Tuesday, January 1, 2013

Qantas' golden year

(As suggested by two on my Facebook friends' list -- here is something I popped up there)

At the moment, I'm doing a bit of a declutter in part of my house (I hope and intend for the project to continue to other parts of the house as well. I need the room) Anyway -- this week, out of a pile of old magazines, I found this: a 1970 Qantas Pacific routes flight guide. This would have come to here via one of my half-brothers who visited New Zealand around that time (when I was 6). Can't say this is familiar to me at all before now, and probably has been lost among magazines and what-have-you all this time. 

"You have only to ask the Steward for anything you need. Drinks and cigarettes can be purchased in flight in accordance with Customs and Excise limitations ... Complimentary toiletry items are available ... We carry standard baby foods, a bassinette, safety pins, disposable diapers, feeding bottle, comforter and talc. Ask the Flight Hostess or Flight Steward for chess, playing cards, draughts, crossword puzzles, a selection of children's games, and airmail writing paper. The flight library contains a variety of good books and current magazines, also books suitable for children of all ages.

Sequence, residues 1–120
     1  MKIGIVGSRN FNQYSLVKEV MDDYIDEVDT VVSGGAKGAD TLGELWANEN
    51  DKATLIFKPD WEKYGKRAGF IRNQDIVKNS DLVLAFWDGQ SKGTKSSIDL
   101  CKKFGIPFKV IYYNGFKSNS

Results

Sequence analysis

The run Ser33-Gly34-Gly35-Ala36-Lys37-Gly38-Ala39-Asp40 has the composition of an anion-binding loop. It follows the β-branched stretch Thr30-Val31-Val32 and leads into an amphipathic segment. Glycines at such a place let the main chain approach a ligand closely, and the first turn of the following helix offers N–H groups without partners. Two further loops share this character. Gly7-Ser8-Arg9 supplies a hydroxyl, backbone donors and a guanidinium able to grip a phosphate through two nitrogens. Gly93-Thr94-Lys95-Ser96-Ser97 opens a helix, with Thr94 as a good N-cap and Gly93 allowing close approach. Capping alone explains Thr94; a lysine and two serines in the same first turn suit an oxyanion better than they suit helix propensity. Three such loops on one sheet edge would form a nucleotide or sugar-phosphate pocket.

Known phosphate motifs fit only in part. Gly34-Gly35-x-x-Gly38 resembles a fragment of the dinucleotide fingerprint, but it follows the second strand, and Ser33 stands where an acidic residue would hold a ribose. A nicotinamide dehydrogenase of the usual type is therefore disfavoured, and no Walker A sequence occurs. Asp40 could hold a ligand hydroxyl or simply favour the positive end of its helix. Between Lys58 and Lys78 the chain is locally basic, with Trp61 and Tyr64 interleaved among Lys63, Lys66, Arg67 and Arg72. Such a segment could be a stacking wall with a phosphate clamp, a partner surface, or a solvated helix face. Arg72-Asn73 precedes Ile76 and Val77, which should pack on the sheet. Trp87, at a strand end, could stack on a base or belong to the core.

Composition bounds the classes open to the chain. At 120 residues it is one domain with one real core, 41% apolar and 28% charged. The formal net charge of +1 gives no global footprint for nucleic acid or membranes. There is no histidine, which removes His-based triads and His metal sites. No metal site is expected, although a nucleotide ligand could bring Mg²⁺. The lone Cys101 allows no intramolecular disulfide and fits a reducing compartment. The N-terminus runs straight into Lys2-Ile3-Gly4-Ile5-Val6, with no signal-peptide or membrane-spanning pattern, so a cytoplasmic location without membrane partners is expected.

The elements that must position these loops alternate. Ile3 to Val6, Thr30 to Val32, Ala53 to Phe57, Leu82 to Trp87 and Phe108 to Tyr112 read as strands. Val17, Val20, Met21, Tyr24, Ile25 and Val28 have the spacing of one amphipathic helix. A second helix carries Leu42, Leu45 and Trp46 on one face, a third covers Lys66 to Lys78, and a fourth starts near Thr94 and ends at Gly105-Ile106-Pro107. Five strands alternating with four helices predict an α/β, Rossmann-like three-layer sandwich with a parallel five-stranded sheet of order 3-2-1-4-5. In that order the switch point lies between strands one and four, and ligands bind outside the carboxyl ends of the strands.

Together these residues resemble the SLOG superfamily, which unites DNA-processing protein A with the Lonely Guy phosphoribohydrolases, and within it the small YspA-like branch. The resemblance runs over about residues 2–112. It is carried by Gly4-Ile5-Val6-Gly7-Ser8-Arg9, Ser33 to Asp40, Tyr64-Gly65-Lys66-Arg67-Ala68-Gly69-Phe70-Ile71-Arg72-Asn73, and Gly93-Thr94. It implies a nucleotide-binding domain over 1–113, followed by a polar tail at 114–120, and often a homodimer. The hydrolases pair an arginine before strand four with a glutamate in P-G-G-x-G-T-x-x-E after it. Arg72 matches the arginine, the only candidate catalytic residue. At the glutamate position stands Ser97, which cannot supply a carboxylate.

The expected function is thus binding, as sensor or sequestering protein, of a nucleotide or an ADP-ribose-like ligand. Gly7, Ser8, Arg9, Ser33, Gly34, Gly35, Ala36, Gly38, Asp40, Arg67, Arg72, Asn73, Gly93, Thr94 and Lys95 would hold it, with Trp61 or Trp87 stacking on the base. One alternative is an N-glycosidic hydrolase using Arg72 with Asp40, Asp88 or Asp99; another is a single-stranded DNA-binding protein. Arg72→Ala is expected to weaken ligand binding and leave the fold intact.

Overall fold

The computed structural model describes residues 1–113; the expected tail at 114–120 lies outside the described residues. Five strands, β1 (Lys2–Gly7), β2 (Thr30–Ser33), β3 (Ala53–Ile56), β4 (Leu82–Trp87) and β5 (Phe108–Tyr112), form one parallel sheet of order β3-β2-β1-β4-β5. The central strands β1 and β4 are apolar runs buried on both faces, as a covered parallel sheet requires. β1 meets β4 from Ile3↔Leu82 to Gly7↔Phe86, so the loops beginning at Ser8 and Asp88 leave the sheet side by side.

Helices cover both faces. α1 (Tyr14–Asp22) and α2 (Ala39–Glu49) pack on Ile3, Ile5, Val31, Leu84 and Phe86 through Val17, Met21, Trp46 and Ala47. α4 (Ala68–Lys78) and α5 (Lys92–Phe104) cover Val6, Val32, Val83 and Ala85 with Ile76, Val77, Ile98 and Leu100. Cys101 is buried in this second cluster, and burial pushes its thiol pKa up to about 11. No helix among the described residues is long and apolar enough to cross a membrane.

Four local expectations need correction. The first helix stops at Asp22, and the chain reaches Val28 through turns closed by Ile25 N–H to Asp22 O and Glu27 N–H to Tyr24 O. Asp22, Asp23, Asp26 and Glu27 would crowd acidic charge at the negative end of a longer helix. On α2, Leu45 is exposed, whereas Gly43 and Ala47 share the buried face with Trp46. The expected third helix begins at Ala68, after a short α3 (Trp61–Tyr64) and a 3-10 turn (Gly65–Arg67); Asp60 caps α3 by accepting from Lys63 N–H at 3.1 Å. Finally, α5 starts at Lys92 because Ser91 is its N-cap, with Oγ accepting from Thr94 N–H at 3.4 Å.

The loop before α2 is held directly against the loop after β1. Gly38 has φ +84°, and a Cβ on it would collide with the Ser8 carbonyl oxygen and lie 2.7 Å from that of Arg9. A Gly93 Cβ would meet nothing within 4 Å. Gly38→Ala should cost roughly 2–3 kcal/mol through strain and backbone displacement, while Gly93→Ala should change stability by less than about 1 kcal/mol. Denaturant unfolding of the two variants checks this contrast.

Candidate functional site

"Qantas personnel may not accept gratuities of any kind. Offering a tip will only cause embarrassment. Their reward is knowing they helped make your flight more enjoyable."

Maps are included, so you can "follow your flight path" from Europe or anywhere Qantas flew, down to Australia and New Zealand. There's a description of the flight staff uniforms, their cadet schools, and info on the Qantas V-Jet.

At the time, Qantas were celebrating their 50th anniversary, so provided passengers with three gold-coloured postcards showing views from their history. Also, a remnant of the days when smoking was allowed on commercial planes -- and flammable liquids allowed in the cabin. 

"T Model Ford driven by Hudson Fysh. He surveyed Qantas' original air route in a similar vehicle."

"DH50J, 1928. 4 passengers. 105 mph. Three of these 'workhorses' were built by Qantas at Longreach, Queensland."

"AVRO 504K, 1921. Pilot and 2 passengers. 65 mph. Intrepid passengers flew in this, Qantas' first aircraft, on taxi trips and joy-rides."


  1. Just an illusion, but at first glance Hudson Fysh's car appears to be sagging in the centre.